Growth Trends for Related Jobs
All it takes is one major blunder to lose your credibility at the workplace. If you've promised deliverables by a certain date to your project manager, for example, and missed the mark by weeks -- then you'll have to offer more than just excuses in order to recover your credibility. Conducting business in a consistently professional manner can help you get your work reputation back on track.
Covering up mistakes, blaming others or communicating half-truths can only further damage your credibility. Get it back by taking responsibility. It's better to show you are an imperfect human and confess the truth so that those you do business with feel they can trust you. For example, if you're really not sure about when you can meet a deadline because it depends on the work of someone else -- just say so. An "I don't know" is better than giving an unrealistic date and then risk disappointing a client or co-worker -- and then losing your credibility. Likewise, admitting an error was made and letting the person know what you'll do to correct it -- then following through with a solution -- gives you more credibility than not confessing the mistake.
Knowledge Is Power
Your credibility will improve if you can offer proof of solid information. For example, researching information related to the product or service your company offers -- and knowing it inside and out -- gives you solid ground to stand on when fielding questions or concerns from others. The knowledge you display helps you set limits on what you can and can't do, which helps your credibility by making sure you don't make promises you can't keep or make unfounded claims. You can add even more credibility when you offer your own unique take on the information you provide -- providing more value by sharing related personal experience and insight that others at your workplace wouldn't be able to offer the same way.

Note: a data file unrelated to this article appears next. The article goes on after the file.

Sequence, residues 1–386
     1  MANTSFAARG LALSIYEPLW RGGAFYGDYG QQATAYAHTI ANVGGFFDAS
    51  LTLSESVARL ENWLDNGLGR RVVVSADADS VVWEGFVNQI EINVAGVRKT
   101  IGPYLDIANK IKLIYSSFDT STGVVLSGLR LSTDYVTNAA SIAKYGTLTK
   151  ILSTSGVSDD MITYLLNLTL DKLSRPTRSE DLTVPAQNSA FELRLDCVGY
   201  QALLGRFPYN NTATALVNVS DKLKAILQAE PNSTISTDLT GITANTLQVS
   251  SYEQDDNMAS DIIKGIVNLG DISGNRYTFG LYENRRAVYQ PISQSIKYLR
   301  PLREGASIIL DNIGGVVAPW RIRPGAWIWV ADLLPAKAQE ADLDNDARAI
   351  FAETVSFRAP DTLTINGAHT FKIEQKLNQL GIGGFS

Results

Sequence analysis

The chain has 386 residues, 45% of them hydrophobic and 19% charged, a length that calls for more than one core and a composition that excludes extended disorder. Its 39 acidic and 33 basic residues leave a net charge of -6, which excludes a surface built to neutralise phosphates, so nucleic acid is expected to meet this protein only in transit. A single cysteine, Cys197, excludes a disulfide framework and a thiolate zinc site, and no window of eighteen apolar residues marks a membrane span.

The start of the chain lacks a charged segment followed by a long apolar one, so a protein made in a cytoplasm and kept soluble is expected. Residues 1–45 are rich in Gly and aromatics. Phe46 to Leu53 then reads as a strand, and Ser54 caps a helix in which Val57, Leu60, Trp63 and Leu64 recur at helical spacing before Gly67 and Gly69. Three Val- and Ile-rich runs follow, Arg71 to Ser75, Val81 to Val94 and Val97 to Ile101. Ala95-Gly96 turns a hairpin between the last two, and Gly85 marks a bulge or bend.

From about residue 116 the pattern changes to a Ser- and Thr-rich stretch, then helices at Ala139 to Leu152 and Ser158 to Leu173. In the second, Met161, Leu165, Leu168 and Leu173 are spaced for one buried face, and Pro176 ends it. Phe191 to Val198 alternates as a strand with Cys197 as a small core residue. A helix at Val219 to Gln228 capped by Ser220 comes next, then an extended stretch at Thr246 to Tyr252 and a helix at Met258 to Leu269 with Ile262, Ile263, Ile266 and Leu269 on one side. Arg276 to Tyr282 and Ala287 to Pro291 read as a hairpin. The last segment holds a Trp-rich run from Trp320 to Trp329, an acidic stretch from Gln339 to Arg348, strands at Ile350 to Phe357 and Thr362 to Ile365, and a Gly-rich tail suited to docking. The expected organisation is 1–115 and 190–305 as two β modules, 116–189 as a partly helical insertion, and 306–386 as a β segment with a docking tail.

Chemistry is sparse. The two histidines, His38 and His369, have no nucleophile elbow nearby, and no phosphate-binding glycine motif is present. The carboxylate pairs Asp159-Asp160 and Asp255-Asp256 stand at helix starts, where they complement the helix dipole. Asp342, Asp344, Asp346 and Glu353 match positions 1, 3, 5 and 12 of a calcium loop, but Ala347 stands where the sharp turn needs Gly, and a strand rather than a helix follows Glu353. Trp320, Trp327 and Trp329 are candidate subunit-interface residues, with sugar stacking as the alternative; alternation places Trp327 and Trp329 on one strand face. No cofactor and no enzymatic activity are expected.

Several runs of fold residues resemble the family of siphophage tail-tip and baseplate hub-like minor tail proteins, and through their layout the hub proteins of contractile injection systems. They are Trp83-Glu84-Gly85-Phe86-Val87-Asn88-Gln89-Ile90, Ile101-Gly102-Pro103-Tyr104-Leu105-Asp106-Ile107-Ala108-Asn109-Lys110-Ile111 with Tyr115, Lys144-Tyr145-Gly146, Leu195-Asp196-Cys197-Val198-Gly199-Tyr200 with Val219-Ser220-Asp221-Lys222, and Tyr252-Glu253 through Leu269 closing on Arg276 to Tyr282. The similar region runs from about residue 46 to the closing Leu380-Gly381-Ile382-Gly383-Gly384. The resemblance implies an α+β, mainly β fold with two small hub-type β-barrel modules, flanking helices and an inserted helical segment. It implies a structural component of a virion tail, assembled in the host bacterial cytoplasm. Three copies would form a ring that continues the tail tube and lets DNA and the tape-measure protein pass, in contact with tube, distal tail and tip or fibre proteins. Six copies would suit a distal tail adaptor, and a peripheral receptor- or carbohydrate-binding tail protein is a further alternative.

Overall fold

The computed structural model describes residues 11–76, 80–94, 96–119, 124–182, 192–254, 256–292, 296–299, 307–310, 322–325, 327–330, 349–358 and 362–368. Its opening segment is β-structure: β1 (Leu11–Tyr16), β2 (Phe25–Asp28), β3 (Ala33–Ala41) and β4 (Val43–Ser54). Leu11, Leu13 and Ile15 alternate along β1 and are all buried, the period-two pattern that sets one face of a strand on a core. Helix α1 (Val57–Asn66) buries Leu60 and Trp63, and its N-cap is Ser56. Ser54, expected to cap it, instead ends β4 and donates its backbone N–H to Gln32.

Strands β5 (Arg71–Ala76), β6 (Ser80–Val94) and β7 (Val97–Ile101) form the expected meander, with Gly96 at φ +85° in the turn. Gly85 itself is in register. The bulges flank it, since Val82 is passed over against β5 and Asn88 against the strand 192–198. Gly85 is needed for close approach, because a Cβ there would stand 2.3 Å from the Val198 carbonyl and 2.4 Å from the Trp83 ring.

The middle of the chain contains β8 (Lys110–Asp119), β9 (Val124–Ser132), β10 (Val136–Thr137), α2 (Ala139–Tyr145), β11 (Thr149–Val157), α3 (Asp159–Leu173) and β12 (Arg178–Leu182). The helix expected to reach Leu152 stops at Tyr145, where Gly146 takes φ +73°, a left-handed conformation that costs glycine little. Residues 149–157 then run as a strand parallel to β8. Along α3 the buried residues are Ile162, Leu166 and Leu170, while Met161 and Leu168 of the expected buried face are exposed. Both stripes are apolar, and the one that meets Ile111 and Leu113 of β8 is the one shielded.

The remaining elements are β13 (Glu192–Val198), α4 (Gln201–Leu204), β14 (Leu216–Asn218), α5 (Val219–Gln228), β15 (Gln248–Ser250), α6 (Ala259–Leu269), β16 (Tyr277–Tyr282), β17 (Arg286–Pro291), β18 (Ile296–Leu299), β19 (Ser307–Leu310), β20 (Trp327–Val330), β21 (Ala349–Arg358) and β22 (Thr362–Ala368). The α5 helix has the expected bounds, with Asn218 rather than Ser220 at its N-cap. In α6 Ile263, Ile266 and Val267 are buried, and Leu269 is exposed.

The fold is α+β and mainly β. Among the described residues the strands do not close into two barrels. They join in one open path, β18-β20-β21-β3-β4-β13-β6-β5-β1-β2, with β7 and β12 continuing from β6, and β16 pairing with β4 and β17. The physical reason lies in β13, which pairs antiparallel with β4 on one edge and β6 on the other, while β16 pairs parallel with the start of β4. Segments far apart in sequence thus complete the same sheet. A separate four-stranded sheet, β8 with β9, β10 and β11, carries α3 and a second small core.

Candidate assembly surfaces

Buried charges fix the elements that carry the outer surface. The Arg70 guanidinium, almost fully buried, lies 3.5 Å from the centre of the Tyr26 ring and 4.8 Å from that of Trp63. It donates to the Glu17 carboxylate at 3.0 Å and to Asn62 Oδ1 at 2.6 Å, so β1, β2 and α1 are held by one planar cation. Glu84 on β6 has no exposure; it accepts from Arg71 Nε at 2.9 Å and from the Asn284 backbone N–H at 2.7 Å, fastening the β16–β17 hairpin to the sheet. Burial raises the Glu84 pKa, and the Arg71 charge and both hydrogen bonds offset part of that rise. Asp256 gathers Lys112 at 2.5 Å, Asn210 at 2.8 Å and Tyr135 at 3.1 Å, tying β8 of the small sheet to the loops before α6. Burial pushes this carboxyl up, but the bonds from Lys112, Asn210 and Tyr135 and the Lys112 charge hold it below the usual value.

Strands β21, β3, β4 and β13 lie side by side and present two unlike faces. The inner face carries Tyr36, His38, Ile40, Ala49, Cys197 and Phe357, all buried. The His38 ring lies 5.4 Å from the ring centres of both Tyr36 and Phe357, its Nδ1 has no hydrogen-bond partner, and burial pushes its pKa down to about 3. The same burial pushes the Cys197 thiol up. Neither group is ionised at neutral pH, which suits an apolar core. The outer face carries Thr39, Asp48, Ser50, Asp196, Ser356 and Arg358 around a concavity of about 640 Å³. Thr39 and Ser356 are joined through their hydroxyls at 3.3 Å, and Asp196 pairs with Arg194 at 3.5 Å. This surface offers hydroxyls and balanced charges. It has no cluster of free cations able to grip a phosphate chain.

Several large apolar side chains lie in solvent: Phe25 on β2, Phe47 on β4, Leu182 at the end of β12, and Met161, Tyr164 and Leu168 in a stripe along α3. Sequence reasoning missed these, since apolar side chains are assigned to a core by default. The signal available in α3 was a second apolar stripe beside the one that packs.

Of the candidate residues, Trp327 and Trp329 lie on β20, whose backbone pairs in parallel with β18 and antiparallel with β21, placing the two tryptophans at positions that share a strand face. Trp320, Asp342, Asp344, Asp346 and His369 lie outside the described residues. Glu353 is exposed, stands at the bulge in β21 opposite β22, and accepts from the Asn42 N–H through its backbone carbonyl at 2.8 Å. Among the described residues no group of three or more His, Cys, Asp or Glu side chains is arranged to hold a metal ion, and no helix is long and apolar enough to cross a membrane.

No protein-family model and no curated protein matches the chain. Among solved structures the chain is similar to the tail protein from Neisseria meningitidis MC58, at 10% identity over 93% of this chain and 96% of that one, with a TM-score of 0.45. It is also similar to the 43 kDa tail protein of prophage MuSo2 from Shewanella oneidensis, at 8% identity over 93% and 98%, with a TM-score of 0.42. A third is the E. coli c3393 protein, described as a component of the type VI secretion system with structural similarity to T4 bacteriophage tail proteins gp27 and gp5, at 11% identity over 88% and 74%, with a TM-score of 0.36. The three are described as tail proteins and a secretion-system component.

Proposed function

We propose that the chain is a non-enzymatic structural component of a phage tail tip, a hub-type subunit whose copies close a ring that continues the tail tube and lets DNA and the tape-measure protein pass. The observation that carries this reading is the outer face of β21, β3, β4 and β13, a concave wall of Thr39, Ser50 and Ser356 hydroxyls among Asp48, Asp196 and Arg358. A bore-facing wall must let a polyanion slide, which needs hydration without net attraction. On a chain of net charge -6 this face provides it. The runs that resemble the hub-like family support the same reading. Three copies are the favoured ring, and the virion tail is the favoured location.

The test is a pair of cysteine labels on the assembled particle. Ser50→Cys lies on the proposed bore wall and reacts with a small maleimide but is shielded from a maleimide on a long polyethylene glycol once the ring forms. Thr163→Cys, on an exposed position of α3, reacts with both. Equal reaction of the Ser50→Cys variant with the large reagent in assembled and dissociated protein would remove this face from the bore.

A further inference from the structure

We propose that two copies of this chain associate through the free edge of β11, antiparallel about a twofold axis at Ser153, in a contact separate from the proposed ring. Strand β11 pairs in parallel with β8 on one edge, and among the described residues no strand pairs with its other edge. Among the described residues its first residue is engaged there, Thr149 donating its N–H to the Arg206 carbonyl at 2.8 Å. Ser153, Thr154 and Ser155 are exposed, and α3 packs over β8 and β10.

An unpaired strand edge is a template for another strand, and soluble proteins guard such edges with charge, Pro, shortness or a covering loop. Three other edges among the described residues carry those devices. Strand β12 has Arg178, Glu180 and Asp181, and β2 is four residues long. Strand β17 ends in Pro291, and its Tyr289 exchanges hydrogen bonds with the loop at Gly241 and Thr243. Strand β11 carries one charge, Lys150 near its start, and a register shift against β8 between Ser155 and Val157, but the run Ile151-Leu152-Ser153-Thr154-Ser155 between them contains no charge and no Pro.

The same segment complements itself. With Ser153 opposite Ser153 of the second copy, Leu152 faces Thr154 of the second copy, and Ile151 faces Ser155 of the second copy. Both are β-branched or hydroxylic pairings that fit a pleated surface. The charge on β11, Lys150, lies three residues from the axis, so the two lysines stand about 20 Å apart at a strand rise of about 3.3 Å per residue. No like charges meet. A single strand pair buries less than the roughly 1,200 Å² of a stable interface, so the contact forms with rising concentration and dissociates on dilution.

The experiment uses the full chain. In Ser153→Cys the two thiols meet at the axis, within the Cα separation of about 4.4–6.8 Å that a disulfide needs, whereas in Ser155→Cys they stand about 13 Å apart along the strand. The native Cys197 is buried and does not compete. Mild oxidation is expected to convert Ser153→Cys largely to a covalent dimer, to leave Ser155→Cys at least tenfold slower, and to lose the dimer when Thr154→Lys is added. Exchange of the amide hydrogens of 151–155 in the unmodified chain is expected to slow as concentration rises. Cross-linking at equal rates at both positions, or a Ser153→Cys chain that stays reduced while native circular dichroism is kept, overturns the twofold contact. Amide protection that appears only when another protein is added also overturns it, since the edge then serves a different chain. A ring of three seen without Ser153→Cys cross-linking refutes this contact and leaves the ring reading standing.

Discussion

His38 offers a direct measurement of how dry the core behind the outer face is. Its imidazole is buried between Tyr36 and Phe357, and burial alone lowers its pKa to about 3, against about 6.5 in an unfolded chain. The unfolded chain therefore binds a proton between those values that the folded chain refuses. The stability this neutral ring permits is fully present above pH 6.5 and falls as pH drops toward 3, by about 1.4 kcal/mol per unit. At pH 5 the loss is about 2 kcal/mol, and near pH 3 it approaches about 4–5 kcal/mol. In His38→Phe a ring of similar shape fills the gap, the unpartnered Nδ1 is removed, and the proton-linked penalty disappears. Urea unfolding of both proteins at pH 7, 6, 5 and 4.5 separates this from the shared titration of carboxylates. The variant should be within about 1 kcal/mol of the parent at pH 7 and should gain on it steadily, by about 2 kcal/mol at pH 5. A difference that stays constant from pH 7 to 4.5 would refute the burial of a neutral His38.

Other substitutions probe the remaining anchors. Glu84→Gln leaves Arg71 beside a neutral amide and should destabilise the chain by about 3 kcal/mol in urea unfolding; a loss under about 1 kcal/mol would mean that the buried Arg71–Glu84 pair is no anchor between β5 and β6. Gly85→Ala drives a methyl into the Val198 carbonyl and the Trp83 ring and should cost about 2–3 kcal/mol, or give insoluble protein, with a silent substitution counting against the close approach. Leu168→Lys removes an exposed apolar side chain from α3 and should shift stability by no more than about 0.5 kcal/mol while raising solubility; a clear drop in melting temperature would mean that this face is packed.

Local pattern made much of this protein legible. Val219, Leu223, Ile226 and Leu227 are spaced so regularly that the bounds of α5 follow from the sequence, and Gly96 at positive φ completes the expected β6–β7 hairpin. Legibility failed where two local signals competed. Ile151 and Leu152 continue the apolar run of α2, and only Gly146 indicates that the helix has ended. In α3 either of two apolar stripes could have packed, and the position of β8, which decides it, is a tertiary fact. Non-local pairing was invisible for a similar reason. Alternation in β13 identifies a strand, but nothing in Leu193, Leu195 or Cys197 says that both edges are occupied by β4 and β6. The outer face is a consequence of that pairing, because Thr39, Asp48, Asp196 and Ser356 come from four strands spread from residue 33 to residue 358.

Gaining back your credibility requires that you take back control of your image or reputation in the workplace. The best way to do this is to be professional at all times -- in the way you dress, the way you speak to people, how you conduct business in the workplace, and what information you share about yourself online. For example, wear business attire that matches the company culture, and when using social media sites, such as Facebook or LinkedIn, use appropriate photos of yourself. Keep personal information far away from your professional profiles online.
The way you communicate with co-workers and clients can have a large impact on your credibility. For example, in your written communications such as e-mail, the quickest way to lose credibility is by allowing typos and misspellings to be sent through. Recipients will notice, and if they perceive carelessness in your writing, you may lose respect -- so proofread your typing carefully to display accuracy and professionalism. Also, be sure your actions consistently line up with your words. If they don't, your colleagues will see you as a hypocrite and will not take you seriously. Make claims that actually hold true, and only make promises you know you can keep.
How to Communicate Professionally & Effectively→
How to Be Assertive With an Underhanded Co-Worker→
American Sports & Fitness Certification→
How to Apologize Professionally→
How to Apologize for a Professional Mistake Without Groveling→
What Are Some Ideas on Ways to Build Positive Relationships at the Workplace?→
Anna Windermere started her writing and editing career in 1993, upon graduating from the University of Florida's esteemed journalism school with a bachelor's in journalism. Ms. Windermere, a senior-level copy editor, has appeared in mastheads of newspapers and magazines as copy chief, writer and proofreader, including "Sun-Sentinel," "Miami Herald," "City Link," "New Times," "NewBeauty," "Luxe," "Florida Alligator," "Orange & Blue," and more.